Vietnamese Upset by ‘Imperious’ Thai Customs


With barely more than a year-and-a-half left before the ASEAN Economic Community (AEC) is launched supporters of the trading bloc should be forgiven for assuming authorities are working hard at harmonizing relations and cross cultural differences before the main event.

Not quite.

Thai immigration officials have provoked a political storm with warning signs at customs posts ranking Vietnam alongside 10 potentially troublesome countries, including Afghanistan, Pakistan, North Korea, Iran and Saudi Arabia and demanding their citizens show proof that they are carrying at least $700 before entering Thailand.

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The Vietnamese are naturally furious. According to state press reports Nguyen Manh Hung, spokesman for the Saigon Volkswagen Club, felt like he was posing for a mugshot when he was forced to stand in front of a webcam.

Last week he was forced to cover half of his face with $700, or 20,000 baht, worth of banknotes for immigration officers to take a photo of him. This was at the Poipet border gate dividing Thailand and Cambodia.

The Saigon Volkswagen Club was on group trip to Thailand and were horrified by a warning sign stating that Vietnamese along with some Middle East and South Asian countries “might be questioned by the officers due to the policy.”

No explanation of the policy was mentioned nor were any other ASEAN countries included among the nations listed for special attention.

“All of us had to hold the notes in front of our faces to be photographed as if we were criminals who had been caught red-handed,” Hung was quoted as saying.

Those without cash could use credit and bank cards.

Similar complaints emerged from the Arayaprathet side of the border crossing, from where one Vietnamese publication reported Thai customs had behaved “imperiously” and “rudely.” There are also calls for a boycott of Thailand and Thai made goods.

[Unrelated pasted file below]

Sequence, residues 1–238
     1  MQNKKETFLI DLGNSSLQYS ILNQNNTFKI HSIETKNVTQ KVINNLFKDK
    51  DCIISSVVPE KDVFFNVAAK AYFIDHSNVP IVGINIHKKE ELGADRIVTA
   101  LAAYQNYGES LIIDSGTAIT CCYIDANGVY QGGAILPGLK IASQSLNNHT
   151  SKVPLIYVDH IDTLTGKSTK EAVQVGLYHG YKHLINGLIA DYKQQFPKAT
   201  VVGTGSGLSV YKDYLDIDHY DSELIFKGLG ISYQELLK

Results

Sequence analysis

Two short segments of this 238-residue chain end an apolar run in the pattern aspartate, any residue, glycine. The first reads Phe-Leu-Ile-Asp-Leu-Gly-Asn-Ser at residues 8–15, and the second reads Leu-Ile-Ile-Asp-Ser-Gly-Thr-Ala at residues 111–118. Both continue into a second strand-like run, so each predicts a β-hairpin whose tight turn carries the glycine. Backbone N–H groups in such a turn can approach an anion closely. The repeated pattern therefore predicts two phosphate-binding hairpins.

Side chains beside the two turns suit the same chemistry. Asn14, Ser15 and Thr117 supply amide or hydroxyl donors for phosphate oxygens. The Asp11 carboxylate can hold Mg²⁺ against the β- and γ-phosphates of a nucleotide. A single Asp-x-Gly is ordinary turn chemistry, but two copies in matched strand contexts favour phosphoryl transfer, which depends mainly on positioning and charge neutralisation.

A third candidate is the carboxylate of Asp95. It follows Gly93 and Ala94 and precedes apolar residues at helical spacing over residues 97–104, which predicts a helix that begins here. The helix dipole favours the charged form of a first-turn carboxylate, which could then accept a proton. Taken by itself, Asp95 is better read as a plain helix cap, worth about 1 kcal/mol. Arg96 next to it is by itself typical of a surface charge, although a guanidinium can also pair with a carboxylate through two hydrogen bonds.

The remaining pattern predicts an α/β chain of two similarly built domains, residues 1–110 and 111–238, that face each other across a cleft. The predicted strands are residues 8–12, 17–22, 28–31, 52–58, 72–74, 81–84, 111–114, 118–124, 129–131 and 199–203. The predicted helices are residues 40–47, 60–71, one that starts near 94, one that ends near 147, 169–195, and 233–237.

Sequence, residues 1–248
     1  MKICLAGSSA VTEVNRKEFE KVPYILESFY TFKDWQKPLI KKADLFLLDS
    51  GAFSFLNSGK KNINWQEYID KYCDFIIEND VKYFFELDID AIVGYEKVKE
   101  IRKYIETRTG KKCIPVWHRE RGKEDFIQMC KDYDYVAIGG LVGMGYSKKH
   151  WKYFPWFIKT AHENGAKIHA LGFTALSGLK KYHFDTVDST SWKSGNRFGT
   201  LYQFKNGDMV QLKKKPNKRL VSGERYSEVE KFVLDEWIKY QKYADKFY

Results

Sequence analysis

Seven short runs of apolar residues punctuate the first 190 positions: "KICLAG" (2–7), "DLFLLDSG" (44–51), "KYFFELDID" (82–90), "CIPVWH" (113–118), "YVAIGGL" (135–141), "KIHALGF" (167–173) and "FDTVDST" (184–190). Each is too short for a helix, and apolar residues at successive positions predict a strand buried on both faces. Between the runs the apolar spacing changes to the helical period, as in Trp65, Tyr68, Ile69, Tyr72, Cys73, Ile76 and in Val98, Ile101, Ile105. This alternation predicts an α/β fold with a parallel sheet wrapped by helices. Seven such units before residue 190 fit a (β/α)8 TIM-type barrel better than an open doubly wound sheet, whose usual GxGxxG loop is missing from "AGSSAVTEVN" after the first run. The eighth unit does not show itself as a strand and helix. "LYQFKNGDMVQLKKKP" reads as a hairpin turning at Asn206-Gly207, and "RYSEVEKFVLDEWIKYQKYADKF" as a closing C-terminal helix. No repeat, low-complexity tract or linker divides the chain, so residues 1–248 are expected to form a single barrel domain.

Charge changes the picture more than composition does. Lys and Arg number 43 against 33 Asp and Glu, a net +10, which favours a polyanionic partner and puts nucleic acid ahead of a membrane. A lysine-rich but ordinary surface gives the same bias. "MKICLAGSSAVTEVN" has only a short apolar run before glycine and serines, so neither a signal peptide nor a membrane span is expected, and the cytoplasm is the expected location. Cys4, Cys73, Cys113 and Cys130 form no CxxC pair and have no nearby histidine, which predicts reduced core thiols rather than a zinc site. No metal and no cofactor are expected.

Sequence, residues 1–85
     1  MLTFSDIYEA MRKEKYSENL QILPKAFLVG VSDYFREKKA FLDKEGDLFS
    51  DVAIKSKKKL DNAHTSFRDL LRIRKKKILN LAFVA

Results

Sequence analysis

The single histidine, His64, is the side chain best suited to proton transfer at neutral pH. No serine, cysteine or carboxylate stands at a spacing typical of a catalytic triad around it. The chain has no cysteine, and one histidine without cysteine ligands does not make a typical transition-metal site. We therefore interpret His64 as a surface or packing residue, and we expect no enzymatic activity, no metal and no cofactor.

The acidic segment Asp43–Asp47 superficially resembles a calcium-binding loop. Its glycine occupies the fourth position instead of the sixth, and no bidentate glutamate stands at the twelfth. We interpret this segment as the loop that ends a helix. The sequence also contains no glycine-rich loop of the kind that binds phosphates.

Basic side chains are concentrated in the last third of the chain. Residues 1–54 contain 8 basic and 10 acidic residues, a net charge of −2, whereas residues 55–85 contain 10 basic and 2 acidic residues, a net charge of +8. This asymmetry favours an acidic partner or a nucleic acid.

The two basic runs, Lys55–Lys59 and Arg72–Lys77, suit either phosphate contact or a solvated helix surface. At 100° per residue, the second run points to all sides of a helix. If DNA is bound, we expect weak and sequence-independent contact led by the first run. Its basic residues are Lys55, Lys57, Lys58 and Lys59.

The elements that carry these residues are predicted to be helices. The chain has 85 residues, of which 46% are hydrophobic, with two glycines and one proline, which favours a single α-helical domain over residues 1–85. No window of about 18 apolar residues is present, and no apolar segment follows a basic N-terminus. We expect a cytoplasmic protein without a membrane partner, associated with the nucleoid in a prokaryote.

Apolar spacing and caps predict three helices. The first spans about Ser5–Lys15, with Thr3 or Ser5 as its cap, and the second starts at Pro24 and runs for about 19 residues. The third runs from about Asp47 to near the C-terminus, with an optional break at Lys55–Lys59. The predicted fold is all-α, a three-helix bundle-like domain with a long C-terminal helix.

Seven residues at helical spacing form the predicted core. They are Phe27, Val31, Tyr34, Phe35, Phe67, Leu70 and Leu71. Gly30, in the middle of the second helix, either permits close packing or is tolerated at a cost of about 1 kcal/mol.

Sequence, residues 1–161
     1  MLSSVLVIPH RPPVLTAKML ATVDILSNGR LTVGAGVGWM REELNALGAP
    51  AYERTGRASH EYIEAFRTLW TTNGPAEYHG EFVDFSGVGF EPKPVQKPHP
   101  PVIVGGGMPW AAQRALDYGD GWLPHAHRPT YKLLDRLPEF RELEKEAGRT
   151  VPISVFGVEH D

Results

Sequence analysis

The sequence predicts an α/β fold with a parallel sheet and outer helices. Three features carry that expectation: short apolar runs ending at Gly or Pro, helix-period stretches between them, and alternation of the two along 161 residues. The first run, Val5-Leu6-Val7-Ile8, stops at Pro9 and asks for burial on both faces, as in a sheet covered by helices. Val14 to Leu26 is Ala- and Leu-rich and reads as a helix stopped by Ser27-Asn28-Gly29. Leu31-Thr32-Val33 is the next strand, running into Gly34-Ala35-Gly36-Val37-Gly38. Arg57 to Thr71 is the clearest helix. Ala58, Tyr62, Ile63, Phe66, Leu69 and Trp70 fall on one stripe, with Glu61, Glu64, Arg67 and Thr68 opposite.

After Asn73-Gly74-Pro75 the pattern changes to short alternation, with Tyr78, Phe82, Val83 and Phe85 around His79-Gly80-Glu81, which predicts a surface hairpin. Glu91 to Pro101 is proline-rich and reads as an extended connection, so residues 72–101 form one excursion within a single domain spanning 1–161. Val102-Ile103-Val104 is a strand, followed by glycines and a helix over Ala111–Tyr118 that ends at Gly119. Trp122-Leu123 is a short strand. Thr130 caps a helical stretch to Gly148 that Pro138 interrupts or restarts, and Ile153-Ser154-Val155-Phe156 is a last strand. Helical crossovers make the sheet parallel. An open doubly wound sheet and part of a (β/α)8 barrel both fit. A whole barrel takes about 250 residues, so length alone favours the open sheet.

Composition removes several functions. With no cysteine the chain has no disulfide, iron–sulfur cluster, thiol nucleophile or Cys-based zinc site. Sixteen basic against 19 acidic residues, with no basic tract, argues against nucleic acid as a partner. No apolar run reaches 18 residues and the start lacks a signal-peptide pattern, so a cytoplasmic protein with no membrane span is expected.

The Vietnam National Administration of Tourism is expected to lodge a complaint over the regulations, which according to Than Nien News were introduced because “Vietnamese entered Thailand as tourists to commit crimes and work illegally (particularly in prostitution).”

Perhaps ironically, the regulations were also instigated after Thai officials cheered a return of confidence in their tourism market, with Vietnamese numbers rising steadily since the anti-government protests on March 3.

That confidence followed an “extensive and vigorously marketed promotion” in  Ho Chi Minh City, in conjunction with Vietnamese tour groups aimed at getting Vietnamese travelers back into Thailand.

Thai officials attempted to make themselves heard over the regulations which they say apply to everyone. However, their insistence was contradicted by the signage signaling out 10 nationalities for special treatment – and no one could say how many Afghans, North Koreans or Sudanese regularly crossed the Thai-Cambodian border.

Unwanted neighborly spats, religious and and cultural differences have surfaced ahead of the AEC which is supposed to turn the 10 nations of ASEAN into a single market with a single production base resulting in widespread labor migration for certain industries.

Last week Brunei stunned the international community with its introduction of Sharia Law, anathema in communist countries like Vietnam and Laos, while religious and ethnic conflicts are ongoing in Southern Thailand, the Philippines and Myanmar.

Smaller countries within the ASEAN have complained they are unlikely to be ready in time for the AEC’s launch and the recent regulations imposed by Thailand seems to indicate that ASEAN’s stronger members also have some way to go.

Luke Hunt can be followed on Twitter @lukeanthonyhunt

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